pollinator
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As well as knowing your span you will also need to determine your slope, the greater the slope the faster is sheds snow weight and the less snow load buildup.  Also the greater the angle of the timber to the snow load the stronger the wood is, ie imagine a boards longitudinal strength (standing upright) as compared to it's span strength.

100 pounds per square foot is quite a snow load, we are rated the same here.  My house has vaulted ceiling through out much of the house and much of the wood supporting my ceiling is still visible.  This house is quite old and was originally just half the size it currently is and so it has a number of structural styles within it.  The original house side has old hand sawed tamarack beams and rough milled roof supports.  The new side has dimensional roof supports some of which are still open to view.

We have quite a slope on our roof, drops 7 feet in height for each 10 feet in span.  I would suggest a similar slope for your roof and metal roof as it tends to shed snow well.  Even with that steep slope we get clumps of snow falling off our roof that weigh in at as much as a ton or two in a loud sliding whumppp....  The snow hits the ground so hard that it actually shakes the house with the impact sometimes.  Another thing to keep in mind on roof slope in a place with that much snow is how far to overhang your eves.  The further you overhang the eves the less snow you get piled directly against your walls in the winter.  We have a 24 inch overhangs and we get snow built up to five feet deep against the house walls in winter here.

As for spanning wood, I cannot give a simple easy formulae, but I can tell you the sizes of wood we have and the spans they are supporting, might at least put you in a ball park range maybe.

Upstairs the vaulted ceilings are 4 x 6 beams spaced at 60 inch intervals.  The beams are fitted bolted together at the peaks, on the bottom ends they have 16 foot long 3 x 10's bolted to either side of each 4 x 8.  This gives a span of 8 feet from the center to the outside and a fall of 6 feet over that 8 foot span.

Downstairs in the front of the house where it has been added onto we have vaulted ceilings that go up to 18 feet in height and that is supported by two different systems dependent upon where you are.

One system that incorporates into the original structure uses two 2 x 10 boards to span ten feet with a drop of 7 feet over ten feet.  These two 2 x 10's are bolted on either side of a 3 x 10 on the underside spanning ten feet across the room, these supports are spaced at 6 ft apart..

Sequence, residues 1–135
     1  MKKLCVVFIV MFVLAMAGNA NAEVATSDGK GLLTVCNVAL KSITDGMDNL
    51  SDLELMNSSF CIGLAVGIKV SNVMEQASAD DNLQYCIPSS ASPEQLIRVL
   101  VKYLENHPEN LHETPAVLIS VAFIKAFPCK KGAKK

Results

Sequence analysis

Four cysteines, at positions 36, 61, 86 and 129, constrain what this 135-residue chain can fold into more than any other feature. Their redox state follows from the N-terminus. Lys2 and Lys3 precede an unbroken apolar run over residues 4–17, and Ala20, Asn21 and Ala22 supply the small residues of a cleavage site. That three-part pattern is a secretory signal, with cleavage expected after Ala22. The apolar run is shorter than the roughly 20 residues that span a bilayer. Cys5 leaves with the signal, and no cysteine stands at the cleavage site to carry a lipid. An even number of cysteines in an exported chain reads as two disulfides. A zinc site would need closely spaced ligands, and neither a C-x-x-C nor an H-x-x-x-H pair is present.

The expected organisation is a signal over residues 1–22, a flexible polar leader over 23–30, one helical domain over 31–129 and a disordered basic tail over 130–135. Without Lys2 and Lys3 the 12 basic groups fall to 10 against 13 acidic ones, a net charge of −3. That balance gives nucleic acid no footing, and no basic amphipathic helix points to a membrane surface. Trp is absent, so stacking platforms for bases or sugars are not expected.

The other system of support is a single 2 x 10 spanning the 10 feet at the same angle 7 foot drop over 10 foot span with no lower supporting system these supports are spaced at 3 feet apart.

The enclosed portion of this end of the houses newer style roof is supported by 2 x 6's spaced at 16 inches, spanning 20 feet at a drop of 7 feet in every ten feet of span. This system also has a major beam support midway that is made of 5 sandwiched 2 x 8's to create a free span ceiling from the upstairs peak all the way to the downstairs wall.

We get an average of 105 inches of snowfall a winter here and we have never seen the roof stressed in any way shape or form.  I would have in the past said that we don't have to worry about earthquakes but we have actually two relatively powerful quakes in the last three years now.  We some floor beams in the last one as they were apparently just sitting on the foundation rather than being attached, but in spite of that our roof is quite strong and stable.  

When I used to build pole barns 25 years ago we commonly used 24 foot 2 x 10's notched to nail to a 6 x 6 post on the end, then it would span 10 feet and rest on top of another 6 x 6 post and then it jutted out over that post to be nailed to then end of the opposite 2 x 10 for the peak of the roof.  This created 10 foot pens on the outside of the building and a 16 foot wide aisle down the center.  We put in these 2 x 10 roof supports every 8 feet and then nailed 2 x 4's spanning them to attach the tin to.  The snow load down there was not quite what it is up here but it still up around 75 pounds per square foot I believe.  These roofs were also not as steep as the roof on our house.

I don't know exactly how helpful any of this might be to you but maybe it will give you some idea.
 
Angela Forget
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That’s exceptionally helpful, thank you Roy! Yes we can get about 300+ inches of snow in a season here. Steep pitch and metal roofs are a must lol. We were definitely going with 24 inch overhangs as we are using strawbale for infill and need to be able to protect the walls.  The 2x10 spaces at 3 feet sounds close to what my husband was thinking, though I may look at the larger timber as well.  Thank you for giving me a good visual, believe it or not I can see that in my head better than all those damn formulas (though I know I will have to suck it up and dig in to my memory of algebra). Thank you!